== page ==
J. Todd Bardin
Christ Church UMC, Ft. Lauderdale, FL
First, read Ephesians 2:8-9
We just adopted a little dog from the pound. The kids named her Peanut. She is a small tan and white Chihuahua weighing in at a whopping 5.1 lbs.
On the way home from the adoption, we talked about how we had saved Peanut from the pound. Now she would have a much different life as part of our family. It reminded me of how we are saved by God.
Peanut was totally on the receiving end as we adopted her and brought her into our family. She did nothing to justify herself - to show that she was a better dog than all the others, she was just herself. We accepted her as she was, where she was. Her past did not matter. All that mattered was that she was now part of our family. She was saved from a life of uncertainty and despair to a new life of caring and love.
When we think about salvation, we often try and think back to that moment when we knew beyond a shadow of a doubt that Jesus died on the cross for our sins. His blood covered us just like the Passover lamb atones for the sins of the Hebrew people. Jesus is our perfect Paschal lamb.
That moment of realization is not what saved us. In reality what has saved us is a total act of grace on God’s part that was in motion before we ever knew it. We can only recognize God’s grace and respond to it. God is always the first mover. Like Peanut, we can only be recipients of the amazing gift of God’s unmerited and freely-given love.
Much talk about salvation is geared to thankfulness in what we have been saved from. We have been saved from bondage to a life of sin and separation from God. We have been set free!
But we are not just saved from something; we are also saved to something. What we are saved to is the ability to have a right relationship with God. It is true that we cannot earn our salvation. No amount of “good works” can restore our relationship with God. Our life in God is only made possible by God. Any good works we may do are really a result of being animated into action by a love so great that we cannot contain it. We must show love to others because God’s love is almost too good believe and it is surely too great to keep it to ourselves.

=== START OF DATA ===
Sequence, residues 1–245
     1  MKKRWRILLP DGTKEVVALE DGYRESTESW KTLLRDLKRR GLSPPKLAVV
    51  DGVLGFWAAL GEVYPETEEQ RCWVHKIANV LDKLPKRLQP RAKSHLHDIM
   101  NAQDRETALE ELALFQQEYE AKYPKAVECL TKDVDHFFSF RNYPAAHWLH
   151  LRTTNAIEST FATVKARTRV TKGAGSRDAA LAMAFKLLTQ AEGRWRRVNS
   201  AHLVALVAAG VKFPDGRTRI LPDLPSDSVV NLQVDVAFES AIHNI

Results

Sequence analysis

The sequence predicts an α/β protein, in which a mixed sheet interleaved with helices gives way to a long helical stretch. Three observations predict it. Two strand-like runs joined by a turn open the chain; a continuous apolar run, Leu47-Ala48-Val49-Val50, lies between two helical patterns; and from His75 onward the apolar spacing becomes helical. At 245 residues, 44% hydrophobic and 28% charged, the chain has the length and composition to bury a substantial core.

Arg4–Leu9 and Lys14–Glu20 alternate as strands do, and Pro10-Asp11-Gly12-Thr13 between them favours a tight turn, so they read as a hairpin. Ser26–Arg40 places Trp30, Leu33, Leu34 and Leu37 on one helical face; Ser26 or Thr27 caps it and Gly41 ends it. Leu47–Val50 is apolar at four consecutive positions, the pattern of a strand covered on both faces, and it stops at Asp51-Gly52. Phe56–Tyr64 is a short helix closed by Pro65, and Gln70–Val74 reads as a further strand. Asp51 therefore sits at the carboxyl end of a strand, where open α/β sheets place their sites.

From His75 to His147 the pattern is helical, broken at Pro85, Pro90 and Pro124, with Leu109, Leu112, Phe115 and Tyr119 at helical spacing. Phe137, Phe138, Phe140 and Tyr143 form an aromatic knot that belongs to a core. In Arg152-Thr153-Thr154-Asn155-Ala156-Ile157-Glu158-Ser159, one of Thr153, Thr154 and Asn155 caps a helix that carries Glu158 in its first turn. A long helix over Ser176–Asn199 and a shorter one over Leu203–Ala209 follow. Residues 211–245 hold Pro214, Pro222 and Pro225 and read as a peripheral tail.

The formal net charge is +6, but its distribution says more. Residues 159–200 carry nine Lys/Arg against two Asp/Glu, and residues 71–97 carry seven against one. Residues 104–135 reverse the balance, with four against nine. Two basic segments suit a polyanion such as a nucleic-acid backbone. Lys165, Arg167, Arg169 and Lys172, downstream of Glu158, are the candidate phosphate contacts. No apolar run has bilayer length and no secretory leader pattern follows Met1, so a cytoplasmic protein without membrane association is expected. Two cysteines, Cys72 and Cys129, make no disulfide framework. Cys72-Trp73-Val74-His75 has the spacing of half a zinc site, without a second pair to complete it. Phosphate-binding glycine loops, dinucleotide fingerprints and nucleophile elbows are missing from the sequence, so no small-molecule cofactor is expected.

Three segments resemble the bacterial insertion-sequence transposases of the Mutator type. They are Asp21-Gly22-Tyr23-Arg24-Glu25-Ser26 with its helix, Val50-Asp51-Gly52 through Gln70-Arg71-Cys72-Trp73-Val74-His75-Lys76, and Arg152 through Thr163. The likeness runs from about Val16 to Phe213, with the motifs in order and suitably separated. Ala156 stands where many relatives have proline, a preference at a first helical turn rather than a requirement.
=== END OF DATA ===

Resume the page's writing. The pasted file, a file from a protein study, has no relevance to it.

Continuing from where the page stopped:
But how do we receive grace from God? I grew in the construction industry. Many times I have seen concrete trucks roll up and deposit their load into the prepared area. God’s grace flows into our lives like a concrete truck deposits concrete. God has a load of grace with our names on it, standing by, ready to flow. But only after we place our faith in God and incline our hearts toward God can the spiritual law of gravity take over allowing the love and grace of God to flow into our lives.
We need to place ourselves in a position to receive God’s grace. This is done most commonly through the Means of Grace. Wesley taught that these were prayer, searching the Scriptures, Holy Communion every chance you get, fasting and small group fellowship. As we go through this season of Lent, it is my hope that we will place ourselves in a position to receive the load of grace that God has waiting.
Prayer: Eternal God, thank you for your saving grace that fills our lives. Thank you for our faith and place in your holy church. Help us to live these days of lent knowing that you are always the first mover and we are the first responder. You lead us in the great dance of life. May we be responsive to your movement in our lives. Fill us with your grace. Amen.
- What has God saved you from/to?
- How does it make you feel knowing that God has already done everything to secure your salvation?
- How is God showing love to others through you?